Improving Deaf/Hard of Hearing

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Improving Deaf and Hard of Hearing
Writing Paragraphs
Problem
Because Deaf and Hard and Hearing students are significantly delayed in language and
written expression, many teachers of the deaf and hard of hearing have struggled with
ways to assist their students when writing paragraphs. Often deaf students struggle with
prewriting skills where they are to formulate and organize their ideas before writing.
This is the most creative step in the writing process. Many of our deaf students have
wonderful ideas and it’s at this stage they become motivated to write. Once their ideas
are organized, they are then ready to write, but English syntax, grammar, and word order
complicate the process often leading to the student’s frustration and loss of interest in
writing.
Solution
One solution to the deaf student’s struggle with writing stories is to use a tried and true
writing process strategy called “Power Writing”. I have been using this writing strategy
for this school year. After teaching the deaf for over 25 years, this is the best writing
strategy I have found. It can be applied to any age and any level. It has been successful
with all my students, regardless of ability. I was introduced to this writing strategy at a
writing inservice in my school. As many teachers of the deaf know, not all strategies
used in the regular hearing classrooms are successful with our deaf students. This one is
a winner.
Power Writing is a writing strategy adapted from J.E.Sparks Write for Power. It is a
framework or strategy that can be used by teachers at all grade levels and across all
content areas to teach writing. Through the implementation of graphic or visual
organizers, Power Writing develops organization and communication skills while
providing a consistent formula for writing paragraphs. Each paragraph contains:
0 – Background
1 – Main Idea
2 – Details
3 – Supporting Details
Power Writing has 4 steps/writing levels. My elementary age deaf students start on Step
1 and gradually move up to Step 2 by grade 3.
Step 1, beginning paragraph writing: The student writes about the main idea, adds 3
detail sentences, and concludes with a closing remark about the main idea. The student
follows the 1-2-2-2-1 format.
Example:
1 Junk Food I Enjoy (Main Idea)
2 Brownies (Detail)
2 Pizza (Detail)
2 M&M’s (Detail)
1 Favorite Foods (Main Idea Restated)
I really like three kinds of junk food. I love brownies. I also like pizza. I think
M&M’s are awesome. I love junk food.
Step 2, adding more details .When a student has become proficient at Step 1; he is ready
to add more details in his writing. It’s time to go to Step 2. Step 2 introduces number 3
which is another supporting detail. It follows a 1-23-23-23-1 format.
Example:
1
2
3
2
3
2
3
1
Junk Food I Enjoy (Main Idea)
Brownies (Detail)
Lots of Chocolate (Supporting detail)
Pizza (Detail)
Pepperoni (Supporting detail)
M&M’s (Detail)
Red ones (Supporting detail)
Favorite Foods (Main Idea Restated)
I really like three kinds of junk food. I love brownies. They have lots of
chocolate in them. I also like pizza. Pepperoni is the best! I think M&M’s are super.
I always eat the red one first. I love junk food.
Step 3, adding background information and more details. It follows a 001-233-233233-133 format.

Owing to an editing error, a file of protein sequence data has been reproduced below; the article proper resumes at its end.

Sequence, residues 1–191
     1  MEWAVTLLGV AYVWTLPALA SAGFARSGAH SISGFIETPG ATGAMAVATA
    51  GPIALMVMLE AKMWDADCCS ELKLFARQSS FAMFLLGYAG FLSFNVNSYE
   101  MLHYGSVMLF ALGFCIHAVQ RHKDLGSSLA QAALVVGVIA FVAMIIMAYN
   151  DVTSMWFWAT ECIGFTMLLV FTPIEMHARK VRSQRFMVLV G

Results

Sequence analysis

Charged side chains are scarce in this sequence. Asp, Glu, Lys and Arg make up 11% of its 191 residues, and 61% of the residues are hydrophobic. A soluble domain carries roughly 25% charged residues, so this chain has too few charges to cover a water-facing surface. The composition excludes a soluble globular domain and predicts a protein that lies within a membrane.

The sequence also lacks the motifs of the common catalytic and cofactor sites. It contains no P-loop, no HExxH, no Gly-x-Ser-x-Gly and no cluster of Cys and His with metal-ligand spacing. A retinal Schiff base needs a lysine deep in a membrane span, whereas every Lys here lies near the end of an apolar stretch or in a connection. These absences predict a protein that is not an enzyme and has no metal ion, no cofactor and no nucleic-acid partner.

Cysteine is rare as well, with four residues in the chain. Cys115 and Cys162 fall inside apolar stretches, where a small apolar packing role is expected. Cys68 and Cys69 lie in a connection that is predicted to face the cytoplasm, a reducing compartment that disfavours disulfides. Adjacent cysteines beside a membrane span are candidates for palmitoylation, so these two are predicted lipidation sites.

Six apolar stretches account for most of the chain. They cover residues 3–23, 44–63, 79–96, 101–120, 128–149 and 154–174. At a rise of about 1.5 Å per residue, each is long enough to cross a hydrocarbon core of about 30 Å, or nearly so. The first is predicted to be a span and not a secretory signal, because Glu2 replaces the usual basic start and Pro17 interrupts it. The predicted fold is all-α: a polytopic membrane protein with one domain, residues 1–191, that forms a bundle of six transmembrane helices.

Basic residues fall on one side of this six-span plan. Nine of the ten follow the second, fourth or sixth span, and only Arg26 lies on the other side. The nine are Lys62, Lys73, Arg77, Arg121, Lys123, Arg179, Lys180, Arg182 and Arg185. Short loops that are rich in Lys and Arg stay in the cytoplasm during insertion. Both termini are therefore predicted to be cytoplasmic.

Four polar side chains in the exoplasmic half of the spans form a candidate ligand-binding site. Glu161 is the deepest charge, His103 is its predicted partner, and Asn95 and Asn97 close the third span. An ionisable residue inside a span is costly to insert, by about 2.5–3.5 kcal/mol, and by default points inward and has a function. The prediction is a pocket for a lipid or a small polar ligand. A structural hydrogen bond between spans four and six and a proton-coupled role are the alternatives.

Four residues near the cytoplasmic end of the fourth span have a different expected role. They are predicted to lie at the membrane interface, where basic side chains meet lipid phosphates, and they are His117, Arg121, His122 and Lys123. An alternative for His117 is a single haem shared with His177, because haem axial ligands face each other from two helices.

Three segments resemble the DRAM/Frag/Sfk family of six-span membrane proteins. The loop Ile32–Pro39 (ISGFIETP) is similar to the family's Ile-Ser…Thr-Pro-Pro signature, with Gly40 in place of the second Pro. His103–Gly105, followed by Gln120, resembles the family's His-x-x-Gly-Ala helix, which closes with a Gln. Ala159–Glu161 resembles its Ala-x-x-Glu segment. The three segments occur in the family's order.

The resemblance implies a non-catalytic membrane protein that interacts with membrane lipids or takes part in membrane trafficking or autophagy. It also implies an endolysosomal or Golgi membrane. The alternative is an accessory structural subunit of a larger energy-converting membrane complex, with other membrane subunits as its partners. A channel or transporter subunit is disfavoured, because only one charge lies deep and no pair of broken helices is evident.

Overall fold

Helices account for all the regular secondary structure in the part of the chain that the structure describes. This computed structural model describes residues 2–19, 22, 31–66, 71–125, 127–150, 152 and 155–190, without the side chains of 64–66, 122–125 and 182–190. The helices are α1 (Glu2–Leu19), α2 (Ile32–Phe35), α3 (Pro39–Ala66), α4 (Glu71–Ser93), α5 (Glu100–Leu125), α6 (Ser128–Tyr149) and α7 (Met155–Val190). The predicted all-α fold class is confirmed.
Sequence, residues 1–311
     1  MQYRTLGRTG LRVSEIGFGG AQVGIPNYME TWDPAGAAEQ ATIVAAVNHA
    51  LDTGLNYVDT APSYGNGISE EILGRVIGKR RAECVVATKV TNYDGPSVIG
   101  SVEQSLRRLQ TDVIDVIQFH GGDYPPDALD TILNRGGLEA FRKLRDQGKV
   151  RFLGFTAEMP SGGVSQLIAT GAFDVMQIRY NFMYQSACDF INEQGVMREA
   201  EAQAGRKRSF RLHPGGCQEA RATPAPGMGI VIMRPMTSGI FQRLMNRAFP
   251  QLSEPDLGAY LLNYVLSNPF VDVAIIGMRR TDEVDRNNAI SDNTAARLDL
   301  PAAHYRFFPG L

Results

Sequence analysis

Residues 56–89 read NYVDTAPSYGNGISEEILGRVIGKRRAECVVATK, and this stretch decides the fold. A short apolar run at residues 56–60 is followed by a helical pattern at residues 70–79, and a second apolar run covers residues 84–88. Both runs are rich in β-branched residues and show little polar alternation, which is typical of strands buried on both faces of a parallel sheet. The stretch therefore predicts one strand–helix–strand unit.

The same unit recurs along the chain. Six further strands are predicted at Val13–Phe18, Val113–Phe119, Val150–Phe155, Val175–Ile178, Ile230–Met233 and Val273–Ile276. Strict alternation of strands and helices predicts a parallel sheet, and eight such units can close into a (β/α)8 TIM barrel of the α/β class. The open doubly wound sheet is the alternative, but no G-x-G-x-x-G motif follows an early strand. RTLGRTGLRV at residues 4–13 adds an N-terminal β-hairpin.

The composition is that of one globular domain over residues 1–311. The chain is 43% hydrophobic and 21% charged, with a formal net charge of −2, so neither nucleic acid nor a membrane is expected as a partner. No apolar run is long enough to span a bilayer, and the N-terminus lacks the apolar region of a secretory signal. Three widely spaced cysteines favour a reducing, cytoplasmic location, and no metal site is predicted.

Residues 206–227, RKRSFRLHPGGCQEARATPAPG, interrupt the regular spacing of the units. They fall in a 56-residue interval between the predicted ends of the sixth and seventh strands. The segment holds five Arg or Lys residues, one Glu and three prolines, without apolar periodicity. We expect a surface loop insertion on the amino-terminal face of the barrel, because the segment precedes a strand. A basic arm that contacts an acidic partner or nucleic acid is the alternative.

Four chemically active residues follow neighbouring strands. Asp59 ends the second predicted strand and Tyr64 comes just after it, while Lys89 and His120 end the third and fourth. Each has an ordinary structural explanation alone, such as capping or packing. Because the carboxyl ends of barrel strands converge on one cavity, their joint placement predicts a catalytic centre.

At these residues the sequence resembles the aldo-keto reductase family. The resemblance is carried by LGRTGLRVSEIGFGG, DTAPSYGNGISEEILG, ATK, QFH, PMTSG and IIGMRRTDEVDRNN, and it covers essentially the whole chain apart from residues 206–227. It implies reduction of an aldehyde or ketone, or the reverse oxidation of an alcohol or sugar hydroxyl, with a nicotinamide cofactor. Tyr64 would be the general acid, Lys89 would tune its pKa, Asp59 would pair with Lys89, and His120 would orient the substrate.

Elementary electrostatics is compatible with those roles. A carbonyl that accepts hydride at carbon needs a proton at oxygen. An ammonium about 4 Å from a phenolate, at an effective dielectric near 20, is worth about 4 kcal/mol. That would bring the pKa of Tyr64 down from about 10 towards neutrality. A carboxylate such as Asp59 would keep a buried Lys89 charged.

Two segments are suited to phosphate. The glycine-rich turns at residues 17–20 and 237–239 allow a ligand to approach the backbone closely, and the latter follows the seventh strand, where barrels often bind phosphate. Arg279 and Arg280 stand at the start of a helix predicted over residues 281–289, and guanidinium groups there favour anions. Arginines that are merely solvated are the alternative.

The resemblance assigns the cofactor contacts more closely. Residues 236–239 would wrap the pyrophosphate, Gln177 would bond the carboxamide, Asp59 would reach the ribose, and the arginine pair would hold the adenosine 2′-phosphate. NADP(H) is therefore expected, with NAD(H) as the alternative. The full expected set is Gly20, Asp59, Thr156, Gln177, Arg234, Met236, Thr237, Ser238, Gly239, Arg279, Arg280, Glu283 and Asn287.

0
0
1
2
3
3
2
3
3
2
3
3
1
Night (Background)
Hungry (Background)
Junk Food I Enjoy (Main Idea)
Brownies (Detail)
Lots of Chocolate (Supporting Detail)
Warm Inside (support Detail)
Pizza (Detail)
Pepperoni (Supporting Detail)
Thick Crust (Supporting Detail)
M&M’s (Detail)
Red Ones (Supporting Detail)
Bags and Bags (Supporting Detail)
Favorite Foods (Main Idea Restated)
3
3
Eating all day (Detail)
Tastes great (Detail)
It was late at night. I was really hungry. I thought about the three kinds of junk
food I like to eat. I love brownies. They have lots of chocolate in them. They make me
feel warm inside. I also like pizza. Pepperoni is the best. I like pizza with a thick crust.
I think M&M’s are super. I always eat the red ones first. I could eat ten bags of them. I
love junk food! I could eat these foods all day. They taste great.
There is a Step 4 for more proficient writers that follows a 001-2333-2333-2333-1333
format.
At a step, the student follows this same format.
1. First, the Prewriting Format: The student fills in the visual, graphic organizer with a
single word or picture to depict his ideas. 1 is the main idea and the 2’s are details.
2
1
2
2
2. Second, the Draft Stage: The student writes a sentence for each circle in the visual
organizer. Don’t worry about English grammar or spelling. Have the student put his
ideas into sentences and then read them back to you. Together, edit the sentences for
errors.
1
2
2
2
1
3. Third, the Publishing Stage: Once the sentences have been edited, the student can
copy them onto regular wide ruled notebook paper or use a word processor to type in the
sentences in paragraph form. My students enjoy drawing an illustration to accompany
their stories.
In conclusion, because this writing strategy is so visual and follows the same format story
after story, my students have been able to write paragraphs with amazing ease. After
teacher modeling as a shared writing activity, deaf students quickly become familiar with
the format. Once the writing topic is given, they can now easily follow the format on
their own.
Contact Information
For more information about this writing strategy, contact:
Janet Clark
Cheatham Hill Elementary
[email protected]
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